Archive for March, 2007

Abortions in the Greek World (5th C BC)

By: The Scribe on March, 2007

Ancient Greek AbortionHippocrates, a doctor in ancient Greece who has often been referred to as “the father of medicine”, after his death left a great deal of writings concerning women’s health, including the procedures and complications arising from an unwanted pregnancy.

Abortion in ancient Greece was not common, simply for the fact that it was highly unlikely that the mother would survive the abortive procedure – it is estimated that about one in ten women would live through an abortion. Indeed, speculation on the methods of abortion are numerous: pressure on the woman’s stomach, riding in a cart on bumpy roads, herbal supplements, or the most dangerous method – inserting a sharp knife or rod into the womb, killing the baby immediately.

Although infanticide was technically legal, a more acceptable recourse was to simply expose the baby at birth. Exposure was more common for female children; the child would generally be wrapped up and placed somewhere outside of the city, perhaps in a field or even in a back alley. Though this would typically result in the child’s death through exposure to the elements, anyone who found an exposed child was permitted to keep it and raise it as their own, though in many cases these children would be raised as slaves. Of course, there was always the option of making some money off the birth – even a noble-born child could be sold into slavery at any time.

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Tomorrow: All about Angkor Wat!

The Mayan Military (ca. 300-900 AD)

By: The Scribe on March, 2007

Mayan WarriorsThe Mayans were familiar with tactical warfare throughout their 2,000 year history, though unlike most ancient civilizations, the use of horses and chariots was not a part of Mayan military technique. Most Mayan weapons were items that could be used from a distance, that would allow soldiers to take advantage of the surrounding landscape’s natural forests for concealment.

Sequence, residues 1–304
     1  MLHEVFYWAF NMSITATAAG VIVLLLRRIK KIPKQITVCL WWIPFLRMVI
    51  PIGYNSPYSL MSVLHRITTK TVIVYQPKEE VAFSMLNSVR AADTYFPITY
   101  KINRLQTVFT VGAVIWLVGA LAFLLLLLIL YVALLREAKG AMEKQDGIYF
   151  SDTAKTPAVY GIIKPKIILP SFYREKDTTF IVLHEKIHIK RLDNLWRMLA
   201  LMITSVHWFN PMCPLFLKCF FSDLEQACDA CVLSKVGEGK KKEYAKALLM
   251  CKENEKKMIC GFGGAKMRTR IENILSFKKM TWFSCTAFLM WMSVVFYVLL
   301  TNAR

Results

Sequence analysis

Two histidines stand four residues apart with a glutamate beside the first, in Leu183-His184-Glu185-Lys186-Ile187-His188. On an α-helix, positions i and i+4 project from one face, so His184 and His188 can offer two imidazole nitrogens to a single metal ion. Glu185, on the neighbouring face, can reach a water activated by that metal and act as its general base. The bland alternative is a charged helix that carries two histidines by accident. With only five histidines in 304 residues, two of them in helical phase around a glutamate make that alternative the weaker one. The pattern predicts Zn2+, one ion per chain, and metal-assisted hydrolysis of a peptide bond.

Weapons used by the Mayans included: the bow and arrow, blowguns, spears, axes, knives with blades of volcanic glass , and spear-throwing slings called ‘atatls’.

Helmets were not common, and most armor was simply tight-woven cotton, with shields made of with animal skin, reed matting, or carved wood.

Barricades and trenches were popular devices in Mayan warfare, and armies had an elaborate signaling system using whistles and drums. Indeed, much of the Mayan system of warfare was based on the element of intimidation and surprise – the war chieftains are known from wall paintings to have dressed in elaborate animal-inspired robes and headdresses; painting one’s body with religious insignia was also common before battle.

Unfortunately for their enemies, the Mayans were keen on taking prisoners… for the express purpose of sacrificing them on a temple altar, in front of the entire tribe. The belief was that by eating the heart of an enemy warrior, you could gain a portion of that warrior’s strength.

Tomorrow: Abortion early in Greek history

Olympic Origins

By: The Scribe on March, 2007

Olympic Origins

The first Olympic Games were held in 776 BC in Olympia, Greece. Many events that are known from our modern Olympic games were first described in the famous Greek poem The Iliad. Held every four years in ancient Greece during July or August, a truce was called between anyone at war within the country for about a month before and after the games, to ensure the athletes and spectators could travel safely to the event.